[Met Performance] CID:266070
Madama Butterfly {606} Metropolitan Opera House: 09/28/1981.

(Debut: Reed Reppa
Review)


Metropolitan Opera House
September 28, 1981


MADAMA BUTTERFLY {606}
Puccini-Illica/Giacosa

Cio-Cio-San.............Gilda Cruz-Romo
Pinkerton...............Vasile Moldoveanu
Suzuki..................Ariel Bybee
Sharpless...............Arthur Thompson
Goro....................Charles Anthony
Bonze...................Morley Meredith
Yamadori................Robert Goodloe
Dolore..................Reed Reppa [Debut]
Kate Pinkerton..........Therese Brandson
Commissioner............Norman Andersson
Registrar...............Arthur Apy

Conductor...............Thomas Fulton

Production..............Yoshio Aoyama
Stage Director..........Fabrizio Melano
Designer................Motohiro Nagasaka
Set Designer............Charles Elson
Costume Designer........Ming Cho Lee
Lighting designer.......Gil Wechsler

Madama Butterfly received nineteen performances this season.

Review of Lou Cevetillo in the Westchester Gannett Newspapers

Ailing Butterfly struggles though Met production

Giacomo Puccini had a special affinity for his opera, "Madama Butterfly." During its composition he suffered a near-fatal automobile accident. In his delirium it is said he kept mumbling, "Poor Butterfly! My Poor Butterfly!" If Puccini had heard the performance of his "Butterfly" Monday night at the Metropolitan Opera, he would again be mumbling to himself.

In the title role Gilda Cruz-Romo completed two acts before an announcement was made that she was suffering from a cold but would continue. In this vocal state, she had no bottom notes, a rather heavy, raspy middle voice and a shrill high voice. She was clearly ill. Dramatically, she lacked the gentle qualities of Cio-Cio-San that make the character the true, tragic oriental figure. Miss Cruz-Romo's interpretation smacked more of Lorca's Andalucia than Puccini's Nagasaki. At one point she physically threatened Goro for bringing the Yamadori to her home as a prospective husband. Miss Cruz-Romo hit Charles Anthony, playing Goro, with such force that he hit the stage in a cloud of dust. Miss Cruz-Romo was not the gentle Butterfly Puccini had in mind.

Her Lt. B.F. Pinkerton was Vasile Moldoveanu, who also had problems Monday evening. Moldoveanu sang in a constricted manner, hampering a clean, ringing sound on the top. As he climbed the register, from G to A flat to A to B flat, Moldoveanu's sound seemed to fall back in the throat cutting back on its projection and beauty of sound. As for acting, Moldoveanu did little more than dodge about the stage in aimless activity. He obviously had little idea of the story and confined his scenes with Butterfly to awkward hugs and kisses that seemed a bit comical.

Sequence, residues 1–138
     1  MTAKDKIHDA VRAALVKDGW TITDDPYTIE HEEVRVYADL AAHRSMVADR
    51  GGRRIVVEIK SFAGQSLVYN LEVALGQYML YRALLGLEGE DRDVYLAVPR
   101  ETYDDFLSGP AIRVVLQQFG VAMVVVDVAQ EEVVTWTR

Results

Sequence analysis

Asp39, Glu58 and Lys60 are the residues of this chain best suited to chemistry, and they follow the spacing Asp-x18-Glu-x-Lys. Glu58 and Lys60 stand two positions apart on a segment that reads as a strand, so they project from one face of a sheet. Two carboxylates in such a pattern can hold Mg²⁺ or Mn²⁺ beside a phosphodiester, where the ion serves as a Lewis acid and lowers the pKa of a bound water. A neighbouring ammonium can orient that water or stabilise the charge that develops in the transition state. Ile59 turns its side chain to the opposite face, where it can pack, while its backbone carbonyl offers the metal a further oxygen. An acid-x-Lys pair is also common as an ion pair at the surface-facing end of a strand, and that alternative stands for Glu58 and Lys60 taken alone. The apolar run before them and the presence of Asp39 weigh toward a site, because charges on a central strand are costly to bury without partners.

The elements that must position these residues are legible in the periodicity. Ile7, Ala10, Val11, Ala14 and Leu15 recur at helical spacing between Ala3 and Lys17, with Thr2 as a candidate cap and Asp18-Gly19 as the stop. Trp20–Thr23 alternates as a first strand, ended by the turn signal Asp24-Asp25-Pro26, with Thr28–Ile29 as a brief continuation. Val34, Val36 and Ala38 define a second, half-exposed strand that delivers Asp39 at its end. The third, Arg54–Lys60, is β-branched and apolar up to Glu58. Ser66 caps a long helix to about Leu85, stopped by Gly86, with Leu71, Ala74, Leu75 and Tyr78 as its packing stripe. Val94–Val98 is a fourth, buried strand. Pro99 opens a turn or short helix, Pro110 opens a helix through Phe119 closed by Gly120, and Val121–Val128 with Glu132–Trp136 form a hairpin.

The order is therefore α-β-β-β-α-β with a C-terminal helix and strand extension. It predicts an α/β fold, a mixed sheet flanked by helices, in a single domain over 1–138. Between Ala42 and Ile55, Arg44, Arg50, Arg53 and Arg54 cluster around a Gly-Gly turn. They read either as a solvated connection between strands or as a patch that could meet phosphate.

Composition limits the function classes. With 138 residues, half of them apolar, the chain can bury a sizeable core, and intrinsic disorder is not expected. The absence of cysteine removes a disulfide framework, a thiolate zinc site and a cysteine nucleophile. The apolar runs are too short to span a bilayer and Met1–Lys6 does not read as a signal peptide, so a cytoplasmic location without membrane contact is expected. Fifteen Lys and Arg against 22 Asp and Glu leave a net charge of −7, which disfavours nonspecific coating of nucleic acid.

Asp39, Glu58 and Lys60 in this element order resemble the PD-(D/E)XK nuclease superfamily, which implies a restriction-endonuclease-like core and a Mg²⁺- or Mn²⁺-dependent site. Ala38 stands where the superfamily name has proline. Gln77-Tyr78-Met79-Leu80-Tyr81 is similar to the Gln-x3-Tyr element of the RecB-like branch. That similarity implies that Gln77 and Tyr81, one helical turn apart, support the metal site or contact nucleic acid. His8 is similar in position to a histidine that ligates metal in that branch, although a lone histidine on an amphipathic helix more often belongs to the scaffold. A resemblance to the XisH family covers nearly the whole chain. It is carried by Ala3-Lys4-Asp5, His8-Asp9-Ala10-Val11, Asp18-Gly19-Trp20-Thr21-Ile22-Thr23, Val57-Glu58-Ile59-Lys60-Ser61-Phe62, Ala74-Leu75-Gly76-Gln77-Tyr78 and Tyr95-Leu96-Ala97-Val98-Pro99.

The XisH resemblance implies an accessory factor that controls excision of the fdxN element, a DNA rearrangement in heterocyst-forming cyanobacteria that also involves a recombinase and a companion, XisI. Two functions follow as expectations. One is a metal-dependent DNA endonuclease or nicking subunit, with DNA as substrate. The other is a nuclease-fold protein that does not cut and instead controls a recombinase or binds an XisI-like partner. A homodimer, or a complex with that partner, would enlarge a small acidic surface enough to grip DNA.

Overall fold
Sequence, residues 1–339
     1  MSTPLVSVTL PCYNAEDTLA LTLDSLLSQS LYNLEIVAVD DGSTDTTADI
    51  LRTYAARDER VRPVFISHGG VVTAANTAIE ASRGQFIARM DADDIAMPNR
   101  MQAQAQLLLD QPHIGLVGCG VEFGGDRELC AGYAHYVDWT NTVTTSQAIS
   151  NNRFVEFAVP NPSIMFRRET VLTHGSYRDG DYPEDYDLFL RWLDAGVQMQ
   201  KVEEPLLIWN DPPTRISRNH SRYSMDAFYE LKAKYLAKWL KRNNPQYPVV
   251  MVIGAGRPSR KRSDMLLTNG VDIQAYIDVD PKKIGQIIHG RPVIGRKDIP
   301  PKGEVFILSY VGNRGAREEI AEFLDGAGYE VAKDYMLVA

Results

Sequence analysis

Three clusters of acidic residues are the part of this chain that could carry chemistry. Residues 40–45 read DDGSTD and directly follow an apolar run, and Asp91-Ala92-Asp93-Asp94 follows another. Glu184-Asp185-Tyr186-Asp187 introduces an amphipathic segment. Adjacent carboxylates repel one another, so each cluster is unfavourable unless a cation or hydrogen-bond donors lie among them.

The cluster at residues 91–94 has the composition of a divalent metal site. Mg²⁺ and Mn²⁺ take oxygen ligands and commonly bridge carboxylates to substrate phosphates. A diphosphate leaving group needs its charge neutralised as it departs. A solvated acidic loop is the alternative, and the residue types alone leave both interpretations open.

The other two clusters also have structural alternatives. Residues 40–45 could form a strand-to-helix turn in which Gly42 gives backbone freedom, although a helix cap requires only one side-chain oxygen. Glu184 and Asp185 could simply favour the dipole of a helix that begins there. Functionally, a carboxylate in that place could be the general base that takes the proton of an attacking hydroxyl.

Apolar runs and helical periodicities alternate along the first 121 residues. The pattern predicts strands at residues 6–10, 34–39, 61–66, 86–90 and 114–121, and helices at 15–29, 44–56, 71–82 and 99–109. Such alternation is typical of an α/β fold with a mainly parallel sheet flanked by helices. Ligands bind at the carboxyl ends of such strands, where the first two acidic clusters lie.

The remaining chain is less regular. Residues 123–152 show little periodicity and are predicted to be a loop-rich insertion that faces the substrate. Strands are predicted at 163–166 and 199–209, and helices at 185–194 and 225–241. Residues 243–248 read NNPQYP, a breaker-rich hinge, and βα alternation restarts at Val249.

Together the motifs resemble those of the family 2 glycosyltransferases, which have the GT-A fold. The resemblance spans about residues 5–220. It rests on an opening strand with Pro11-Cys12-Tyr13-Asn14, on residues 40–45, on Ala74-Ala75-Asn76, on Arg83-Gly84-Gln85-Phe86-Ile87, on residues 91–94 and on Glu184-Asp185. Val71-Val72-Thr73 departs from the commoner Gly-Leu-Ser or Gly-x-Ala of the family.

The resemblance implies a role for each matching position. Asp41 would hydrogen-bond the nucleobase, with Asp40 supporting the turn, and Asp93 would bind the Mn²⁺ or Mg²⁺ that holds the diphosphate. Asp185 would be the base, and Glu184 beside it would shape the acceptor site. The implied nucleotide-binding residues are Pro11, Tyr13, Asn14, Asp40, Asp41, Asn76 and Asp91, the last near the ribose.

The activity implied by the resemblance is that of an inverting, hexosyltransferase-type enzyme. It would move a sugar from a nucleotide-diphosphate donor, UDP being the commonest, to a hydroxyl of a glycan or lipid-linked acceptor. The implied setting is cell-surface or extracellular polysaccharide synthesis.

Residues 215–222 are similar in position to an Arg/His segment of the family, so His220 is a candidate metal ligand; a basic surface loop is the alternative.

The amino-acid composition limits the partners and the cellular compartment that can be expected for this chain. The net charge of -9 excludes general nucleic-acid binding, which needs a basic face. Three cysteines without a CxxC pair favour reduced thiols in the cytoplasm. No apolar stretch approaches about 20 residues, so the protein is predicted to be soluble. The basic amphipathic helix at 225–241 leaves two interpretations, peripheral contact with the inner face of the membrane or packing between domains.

Arthur Thompson was not the right choice for the baritone role of Sharpless. His Italian was very bad, he lacked dramatic flair and had no focus for his actions on stage. Thompson is a comprimario singer and should remain in those roles, where his inadequacies are not so exposed.

Conductor Thomas Fulton tried valiantly but failed to sustain some semblance of cohesion in this performance. The orchestra sounded the worst it has this season under Fulton's baton. "Butterfly" is a very difficult score to conduct and it is obviously far beyond Fulton's interpretive and technical expertise at this time. The Met, as America's primary opera house, should not be a learning ground for young conductors. The patrons deserve the best: fully accomplished conductors who understand the style and have the experience to offer a masterful performance of such a classic. Fulton may have talent as a conductor, but he has much to learn before he mounts the podium in a house of the Met's calibre.

This rather old and worn production from the '50s as designed by Motohiro Nagasaka was restaged by Fabrizio Melano with little if any success. Melano lost the sensitivity of the score and libretto. His characters moved about aimlessly. The Act I scene between Pinkerton and Butterfly lacked the tenderness that makes this music come alive. Melano did little to improve this production which has gone through a paint facelift, but little else.

There have been some great "Butterfly" performances heard at the Met in the 423 performances throughout its history. But this cast and conductor have little to offer in the way of memorable moments.



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